3. Check out forums. Just about every industry has its own forums where people get together and talk. Simply search “<your industry> + forum” and check out the results.

4. See what Google suggests. This is the feature that tells you what people are searching for around a certain term or topic. Type in a few queries into Google and see what pops up.

  • [Your company, product or industry] (hit space & see what google suggests)
  • [Your Company, product or industry] VS (again see what google suggests)


5. Try a keyword tool. People at the top of the funnel do not know about these communities, so they turn to a search engine to ask their question. I use a free tool called KeywordTool.io where you can put in your keyword and filter the results by “questions.” This gives you an idea of the mindset of where your customers are coming from.


Step 2: Prioritize questions and concerns

After you’ve aggregated all these questions and concerns into a spreadsheet, it’s time to start prioritizing. How you prioritize looks different for every company.

The best way to figure out which questions need to be answered in what order is to ask your sales team what they’re seeing and hearing from prospects. Which answers would be most helpful in reaching people at the touch points that most influence their decisions? What answers do they need to overcome common objections? Don’t guess — ask your salespeople.

Step 3: Create content that enables your sales team

The steps leading up to this center on learning and prioritizing the questions your prospects need answers to, so you know what your content must address. Now it’s time to actually start creating that content.

I usually divide these into 4 different types:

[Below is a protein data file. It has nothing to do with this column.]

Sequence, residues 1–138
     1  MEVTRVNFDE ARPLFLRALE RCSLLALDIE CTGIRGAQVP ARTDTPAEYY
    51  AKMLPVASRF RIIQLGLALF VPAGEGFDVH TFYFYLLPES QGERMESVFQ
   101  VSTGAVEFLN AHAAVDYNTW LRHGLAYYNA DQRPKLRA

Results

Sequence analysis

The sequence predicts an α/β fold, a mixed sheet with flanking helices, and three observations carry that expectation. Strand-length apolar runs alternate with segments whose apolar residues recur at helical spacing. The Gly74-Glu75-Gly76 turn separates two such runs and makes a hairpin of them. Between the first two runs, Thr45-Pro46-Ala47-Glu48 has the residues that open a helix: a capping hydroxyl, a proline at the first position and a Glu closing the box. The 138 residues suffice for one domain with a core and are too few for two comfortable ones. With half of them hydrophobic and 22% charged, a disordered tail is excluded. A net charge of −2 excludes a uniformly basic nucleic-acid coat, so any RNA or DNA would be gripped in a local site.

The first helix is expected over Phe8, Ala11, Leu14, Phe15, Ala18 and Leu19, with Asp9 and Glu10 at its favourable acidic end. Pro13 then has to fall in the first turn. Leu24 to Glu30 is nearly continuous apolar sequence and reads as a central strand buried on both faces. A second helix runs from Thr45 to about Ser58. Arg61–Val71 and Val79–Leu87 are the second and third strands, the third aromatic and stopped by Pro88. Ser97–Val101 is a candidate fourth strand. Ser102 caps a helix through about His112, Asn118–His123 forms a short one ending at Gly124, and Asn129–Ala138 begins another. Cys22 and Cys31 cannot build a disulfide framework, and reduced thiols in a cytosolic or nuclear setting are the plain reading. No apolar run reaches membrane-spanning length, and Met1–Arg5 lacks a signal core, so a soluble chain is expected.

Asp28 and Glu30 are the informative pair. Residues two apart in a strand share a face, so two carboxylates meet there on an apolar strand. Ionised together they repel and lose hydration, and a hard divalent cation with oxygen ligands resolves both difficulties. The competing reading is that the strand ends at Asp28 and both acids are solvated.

• FAQs
  • Tutorials
  • Guides
  • Comparisons

Below are examples and explanations of each content type.

1. FAQ example

When to use it: Use a FAQ page to answer the common and quick questions customers have. These are great for top-of-funnel customers.

Example: Dollar Shave Club – What Should I Know Before Joining Dollar Shave Club?

2. Tutorial example

When to use it: Step-by-step tutorial content is great for sales reps on the phone or via chat. It saves them a lot of time and confusion. A step-by-step tutorial gives customers exactly what they need to solve their problem.

Example: WP Engine – How to reset your password

WP Engine

3. Guide example

When to use it: Guides are great for providing in-depth information and showing potential customers how to solve a specific problem.

Example: Home Away – Guides on things to do while traveling

Home Away

4. Comparison example

When to use it: Use it to demonstrate the ways you beat the competition.

Example: Click Funnels – Compared to the competition

Click Funnels

Step 4: Promote internally & externally

Once you have this content created, make sure everyone on both the sales and marketing teams knows when and how to use it. Sales can use it to specifically answer prospects’ questions and overcome objections, and marketing can distribute and promote this content across a variety of platforms.

This way, when the next wave of customers starts searching for solutions to their problems, they will find your content and be more likely to buy from your company.